From the base geometry of the water bowl, the internal fluid volume was extracted. Key geometric variables were refined, and the internal volume extraction was automated so that several different geometric variations could be simulated in the design space. The extracted internal volume was discretized for computational fluid dynamics (CFD) using unstructured polyhedral elements with finer resolutions where water curvature is of significance (for example, when geometry gaps are small). The cell aspect ratios and skewness factors were the key quality factors monitored to estimate meshing quality. Multiple levels of refinement were considered, and results were monitored.
The workflow used for the analysis is shown below.
A 3D transient, multiphase (volume-of-fluid) method was used to model the two-phase flow. To introduce water drops in the fuel domain, periodically, drops of specified volume were introduced into the water bowl. The estimate of water sizes came from experimental observations. The contact angle for water-fuel-surface interface was also specified from experimental measurements for all the different surfaces with which the water comes in contact.
In this application, the interface curvature was very critical, therefore a continuum surface stress (CSS) model was chosen to model the surface tension force.
The local pressure drop at key geometry points was monitored to indicate the event of water clogging the water bowl. The simulation was run for a pre-set time and the pressure and movement of water drops were observed to see if the clogging event was registered.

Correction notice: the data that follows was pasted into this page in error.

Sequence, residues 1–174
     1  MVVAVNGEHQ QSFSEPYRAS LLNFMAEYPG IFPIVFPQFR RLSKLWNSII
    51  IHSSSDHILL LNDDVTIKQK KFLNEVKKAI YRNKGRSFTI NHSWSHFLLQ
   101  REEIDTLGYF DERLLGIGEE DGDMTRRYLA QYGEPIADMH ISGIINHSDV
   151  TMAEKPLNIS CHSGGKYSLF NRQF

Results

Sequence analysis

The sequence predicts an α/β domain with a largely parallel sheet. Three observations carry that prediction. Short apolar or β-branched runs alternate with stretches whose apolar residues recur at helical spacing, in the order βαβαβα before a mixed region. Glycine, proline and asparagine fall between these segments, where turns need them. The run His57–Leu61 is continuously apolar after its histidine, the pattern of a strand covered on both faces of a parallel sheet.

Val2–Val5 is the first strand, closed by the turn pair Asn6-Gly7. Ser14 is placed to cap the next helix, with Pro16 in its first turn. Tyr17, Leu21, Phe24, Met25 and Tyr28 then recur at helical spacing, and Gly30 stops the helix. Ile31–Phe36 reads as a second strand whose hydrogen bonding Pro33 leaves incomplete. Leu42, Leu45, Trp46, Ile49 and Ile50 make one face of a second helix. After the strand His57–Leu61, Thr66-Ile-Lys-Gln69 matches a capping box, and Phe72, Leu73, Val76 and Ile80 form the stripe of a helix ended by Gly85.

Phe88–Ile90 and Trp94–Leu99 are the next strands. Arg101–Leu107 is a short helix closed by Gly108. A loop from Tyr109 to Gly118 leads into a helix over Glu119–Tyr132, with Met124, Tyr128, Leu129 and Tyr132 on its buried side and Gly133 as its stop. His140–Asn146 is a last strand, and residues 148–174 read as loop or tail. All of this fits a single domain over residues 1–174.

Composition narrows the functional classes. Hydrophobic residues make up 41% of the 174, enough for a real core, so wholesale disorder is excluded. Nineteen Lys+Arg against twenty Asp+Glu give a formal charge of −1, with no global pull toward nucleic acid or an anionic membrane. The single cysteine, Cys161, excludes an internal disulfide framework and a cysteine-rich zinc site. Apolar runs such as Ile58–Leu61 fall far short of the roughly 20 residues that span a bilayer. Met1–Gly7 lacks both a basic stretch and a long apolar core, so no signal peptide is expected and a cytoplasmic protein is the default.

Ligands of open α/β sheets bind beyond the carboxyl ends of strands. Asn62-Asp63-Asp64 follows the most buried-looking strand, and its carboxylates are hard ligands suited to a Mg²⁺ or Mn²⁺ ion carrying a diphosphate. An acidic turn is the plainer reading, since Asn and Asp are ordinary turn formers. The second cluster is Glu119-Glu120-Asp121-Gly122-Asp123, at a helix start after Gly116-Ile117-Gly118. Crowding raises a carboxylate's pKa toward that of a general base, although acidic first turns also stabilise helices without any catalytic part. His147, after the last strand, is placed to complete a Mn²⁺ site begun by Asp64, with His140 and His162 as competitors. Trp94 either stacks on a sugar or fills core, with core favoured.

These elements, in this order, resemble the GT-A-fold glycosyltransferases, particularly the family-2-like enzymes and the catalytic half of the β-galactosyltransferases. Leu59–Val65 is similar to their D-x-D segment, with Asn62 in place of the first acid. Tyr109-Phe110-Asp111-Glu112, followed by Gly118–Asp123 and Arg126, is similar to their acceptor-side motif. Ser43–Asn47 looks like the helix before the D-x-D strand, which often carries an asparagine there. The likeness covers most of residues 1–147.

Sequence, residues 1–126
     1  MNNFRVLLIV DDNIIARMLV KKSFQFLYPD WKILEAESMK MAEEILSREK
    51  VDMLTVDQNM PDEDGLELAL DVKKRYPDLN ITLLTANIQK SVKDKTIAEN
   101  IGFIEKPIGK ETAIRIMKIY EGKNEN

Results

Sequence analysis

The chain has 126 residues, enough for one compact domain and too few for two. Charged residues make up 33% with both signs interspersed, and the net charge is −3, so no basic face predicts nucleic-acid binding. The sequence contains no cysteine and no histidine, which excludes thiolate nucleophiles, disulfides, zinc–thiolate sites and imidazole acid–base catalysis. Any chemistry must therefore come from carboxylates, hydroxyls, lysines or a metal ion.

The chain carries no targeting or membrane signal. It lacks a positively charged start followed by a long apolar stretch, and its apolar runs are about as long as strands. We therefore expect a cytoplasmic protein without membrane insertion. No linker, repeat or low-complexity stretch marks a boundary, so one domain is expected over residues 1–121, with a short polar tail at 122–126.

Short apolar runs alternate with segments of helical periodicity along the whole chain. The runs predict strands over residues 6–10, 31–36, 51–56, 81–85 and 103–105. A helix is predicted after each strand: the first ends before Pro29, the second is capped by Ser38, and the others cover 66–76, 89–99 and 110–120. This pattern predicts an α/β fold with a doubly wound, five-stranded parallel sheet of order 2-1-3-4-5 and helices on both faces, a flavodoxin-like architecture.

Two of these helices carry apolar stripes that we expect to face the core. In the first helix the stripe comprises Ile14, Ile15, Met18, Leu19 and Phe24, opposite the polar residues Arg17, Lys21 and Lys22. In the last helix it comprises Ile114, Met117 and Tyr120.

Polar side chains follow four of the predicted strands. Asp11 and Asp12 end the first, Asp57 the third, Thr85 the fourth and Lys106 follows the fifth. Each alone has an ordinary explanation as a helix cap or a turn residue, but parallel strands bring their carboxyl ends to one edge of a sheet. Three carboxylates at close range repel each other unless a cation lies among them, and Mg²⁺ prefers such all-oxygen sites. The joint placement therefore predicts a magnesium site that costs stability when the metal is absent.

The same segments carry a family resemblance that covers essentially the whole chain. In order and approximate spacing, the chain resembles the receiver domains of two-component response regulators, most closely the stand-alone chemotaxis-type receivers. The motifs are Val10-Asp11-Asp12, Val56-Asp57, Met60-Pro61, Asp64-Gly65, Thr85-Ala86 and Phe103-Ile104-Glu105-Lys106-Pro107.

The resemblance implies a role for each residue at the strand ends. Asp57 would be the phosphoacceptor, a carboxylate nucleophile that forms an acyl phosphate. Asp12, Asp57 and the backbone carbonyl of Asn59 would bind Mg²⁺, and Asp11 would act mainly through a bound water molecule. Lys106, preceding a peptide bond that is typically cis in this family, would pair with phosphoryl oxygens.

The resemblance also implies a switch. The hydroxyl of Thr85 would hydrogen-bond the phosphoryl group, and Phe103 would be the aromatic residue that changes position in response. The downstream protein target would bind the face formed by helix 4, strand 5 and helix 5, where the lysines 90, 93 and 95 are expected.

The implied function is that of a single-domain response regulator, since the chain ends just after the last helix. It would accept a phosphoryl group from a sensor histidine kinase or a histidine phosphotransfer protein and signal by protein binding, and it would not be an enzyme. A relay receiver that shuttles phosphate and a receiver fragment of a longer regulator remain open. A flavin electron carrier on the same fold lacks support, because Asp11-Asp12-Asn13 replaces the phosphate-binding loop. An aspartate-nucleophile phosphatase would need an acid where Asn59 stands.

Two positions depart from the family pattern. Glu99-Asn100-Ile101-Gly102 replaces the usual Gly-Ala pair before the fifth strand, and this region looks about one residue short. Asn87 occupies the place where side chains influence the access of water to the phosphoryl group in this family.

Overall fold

From the CFD analysis, key geometric features that result in clogging were identified. Analysis of these results paved the way to develop physics-based analytical expressions to predict obstruction of water in a water bowl design. Using the guideline of the analytical expression, experimental testing was performed on some known water bowl designs. The comparison between the analytical expression, CFD results and the experimental observation is shown below. The plot shows that the CFD observations of water buildup with respect to critical geometric gap as well as the experimental observations are within ± 5% of the analytical expression derived. This validates our physical understanding derived from the CFD analysis as well as the analytical expression simplified for this problem.
Equipped with this knowledge, Parker engineers created a simplistic design guide. This is highly valuable to a design engineer as it avoids time consuming CFD and/or experimental prototype analysis and provides a direct pathway to constructing a good first prototype. A sample design guide shown below provides a visual of the simplicity of use. The design engineer would input design parameters and the design guide would provide inputs on issues with geometric parameters.
Engine manufacturers rely heavily on creating prototypes and testing concepts to find appropriate design solutions. Engineers can use high-fidelity numerical simulations to provide quick guidelines and resolutions to water clogging issues they might face in their testing. Apart from that, since this tool provides design guidelines as well, the first prototype built with it is often more accurate than without it. This lowers testing requirements and prototype iterations by a significant number thus helping the engineer get to the final design faster and more effectively.
This post was contributed by Sucharitha Rajendran, advanced system design and modeling engineer, Parker Filtration Innovation Center.